This weekend The New York Times took a look at what it takes to work your way through college these days. With the cost of college exponentially higher than it used to be, it is almost impossible to earn enough in part-time jobs to pay for school and end up debt free.
The article looks mainly at two students’ struggles – one at New York University and one at Appalachian State. I am only allowed to pull a few paragraphs so please click and read the full the story for all the details. The student in New York makes a lot more at his part-time job waiting tables for brunch, but his university is also more expensive.
The New York Times notes that no one organization tracks how many students are trying to work their way through school, but according to the National Center for Education Statistics 17 percent of full-time undergraduates of traditional age worked 20 to 34 hours a week.
Another article from The Journal of Student Financial Aid notes that “Students who work fewer than 30 hours a week (excluding federal work-study jobs) while in college were 1.4 times more likely to graduate within six years than students who spent more than 30 hours a week in a job. “ Their grades are also likely to be better as they have more time to study.
“The two [students] are part of a rare species on college campuses these days, as the nation’s collective student loan balance hits $1 trillion and continues to rise. While many students are trying to defray some of the costs, few can actually work their way through college in a normal amount of time without debt and little or no need-based financial aid unless they have an unusual combination of bravery, luck and discipline. …
“Plenty of influential people assume that teenagers can ask parents for loans if all else fails, as Mitt Romney suggested during the 2012 presidential campaign. Others recall working their way through college themselves, including Representative Virginia Foxx, a Republican from North Carolina who heads a House subcommittee on higher education and work force training. “I spent seven years getting my undergraduate degree and didn’t borrow a dime of money,” she once said at a subcommittee meeting, adding that she was bewildered, given her own experience, by tales of woe she had heard from people with $80,000 in debt.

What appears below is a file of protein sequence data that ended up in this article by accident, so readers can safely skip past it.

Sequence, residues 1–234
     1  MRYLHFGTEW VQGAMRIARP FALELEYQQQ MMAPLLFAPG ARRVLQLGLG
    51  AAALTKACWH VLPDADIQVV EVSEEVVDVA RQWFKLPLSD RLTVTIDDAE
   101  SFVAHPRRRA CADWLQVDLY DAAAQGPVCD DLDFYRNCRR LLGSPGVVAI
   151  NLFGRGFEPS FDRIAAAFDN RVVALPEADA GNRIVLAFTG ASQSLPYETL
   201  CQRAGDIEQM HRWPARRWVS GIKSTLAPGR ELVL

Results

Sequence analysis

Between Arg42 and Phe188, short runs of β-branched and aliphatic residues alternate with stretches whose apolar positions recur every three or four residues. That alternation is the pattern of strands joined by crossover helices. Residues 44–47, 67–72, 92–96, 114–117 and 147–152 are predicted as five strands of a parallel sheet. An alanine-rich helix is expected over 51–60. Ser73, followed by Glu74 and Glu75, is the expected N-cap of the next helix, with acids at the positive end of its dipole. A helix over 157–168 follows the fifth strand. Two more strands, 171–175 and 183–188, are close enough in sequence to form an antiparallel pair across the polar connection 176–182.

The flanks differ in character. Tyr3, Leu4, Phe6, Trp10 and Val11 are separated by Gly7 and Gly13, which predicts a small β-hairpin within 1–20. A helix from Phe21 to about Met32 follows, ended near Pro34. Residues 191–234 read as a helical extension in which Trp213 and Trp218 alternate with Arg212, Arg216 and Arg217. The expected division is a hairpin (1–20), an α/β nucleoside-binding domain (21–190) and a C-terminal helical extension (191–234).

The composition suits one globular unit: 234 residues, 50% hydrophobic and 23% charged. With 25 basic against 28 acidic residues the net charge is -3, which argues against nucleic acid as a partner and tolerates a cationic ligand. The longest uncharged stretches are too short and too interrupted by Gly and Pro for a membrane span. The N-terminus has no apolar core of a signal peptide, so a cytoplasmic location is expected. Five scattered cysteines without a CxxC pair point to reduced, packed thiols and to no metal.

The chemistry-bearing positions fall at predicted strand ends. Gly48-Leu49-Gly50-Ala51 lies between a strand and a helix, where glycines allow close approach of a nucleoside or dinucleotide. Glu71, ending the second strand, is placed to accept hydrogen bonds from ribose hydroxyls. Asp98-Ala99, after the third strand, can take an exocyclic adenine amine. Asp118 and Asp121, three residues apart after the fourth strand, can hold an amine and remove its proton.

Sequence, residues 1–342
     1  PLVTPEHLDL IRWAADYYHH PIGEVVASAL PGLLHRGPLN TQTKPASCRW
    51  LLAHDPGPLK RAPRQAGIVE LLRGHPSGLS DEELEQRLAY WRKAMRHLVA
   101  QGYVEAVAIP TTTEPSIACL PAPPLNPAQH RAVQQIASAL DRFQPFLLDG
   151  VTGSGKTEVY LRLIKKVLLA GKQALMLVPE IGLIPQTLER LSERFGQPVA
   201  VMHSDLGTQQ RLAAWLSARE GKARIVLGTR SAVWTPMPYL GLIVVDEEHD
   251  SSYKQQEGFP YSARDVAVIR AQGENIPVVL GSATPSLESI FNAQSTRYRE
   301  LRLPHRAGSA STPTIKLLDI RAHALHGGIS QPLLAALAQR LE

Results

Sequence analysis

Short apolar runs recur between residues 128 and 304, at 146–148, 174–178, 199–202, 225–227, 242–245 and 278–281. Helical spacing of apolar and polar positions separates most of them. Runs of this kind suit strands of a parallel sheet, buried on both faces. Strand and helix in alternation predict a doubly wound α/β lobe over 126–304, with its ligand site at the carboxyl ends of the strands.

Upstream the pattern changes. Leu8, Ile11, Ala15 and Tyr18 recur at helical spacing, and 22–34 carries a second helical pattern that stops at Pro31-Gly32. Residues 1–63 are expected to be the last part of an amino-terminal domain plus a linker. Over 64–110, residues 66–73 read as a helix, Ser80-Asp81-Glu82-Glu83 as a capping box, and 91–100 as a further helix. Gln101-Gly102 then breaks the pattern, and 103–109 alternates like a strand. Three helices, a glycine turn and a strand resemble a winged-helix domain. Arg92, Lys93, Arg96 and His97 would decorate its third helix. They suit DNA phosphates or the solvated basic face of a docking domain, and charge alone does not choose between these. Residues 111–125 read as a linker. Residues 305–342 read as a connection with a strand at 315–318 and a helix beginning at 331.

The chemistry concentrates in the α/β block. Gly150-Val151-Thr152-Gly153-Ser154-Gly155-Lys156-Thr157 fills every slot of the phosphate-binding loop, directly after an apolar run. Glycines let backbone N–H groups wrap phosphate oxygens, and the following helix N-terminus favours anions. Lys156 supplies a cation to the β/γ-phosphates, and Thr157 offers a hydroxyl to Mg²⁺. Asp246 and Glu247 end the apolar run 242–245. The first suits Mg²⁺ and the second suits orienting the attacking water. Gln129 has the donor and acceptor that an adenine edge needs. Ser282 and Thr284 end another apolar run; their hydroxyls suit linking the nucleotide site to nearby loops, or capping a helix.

“But students nowadays who try to work their way through college without parental support or loans face a financial challenge of a different order than the one that Ms. Foxx, 69, confronted as a University of North Carolina undergraduate more than 40 years ago. Today, a bachelor’s degree from Appalachian State, the largest university in her district, can easily cost $80,000 for a state resident, including tuition, room, board and other costs. Back in her day, the total was about $550 a year. Even with inflation, that would translate to just over $4,000 for each year it takes to earn a degree. …”
I definitely have seen that many students in the college classes that I teach often have one or more jobs. I am surprised by how many hours they work, and often their work to pay for college interferes with getting their assignments done. I try to be conscious of their work schedules and try to give them enough time to complete assignments around their work schedules.
Are your young adults working their way through school? What is the amount they have to earn weekly to pay for school? Do they find that working interferes with their studies?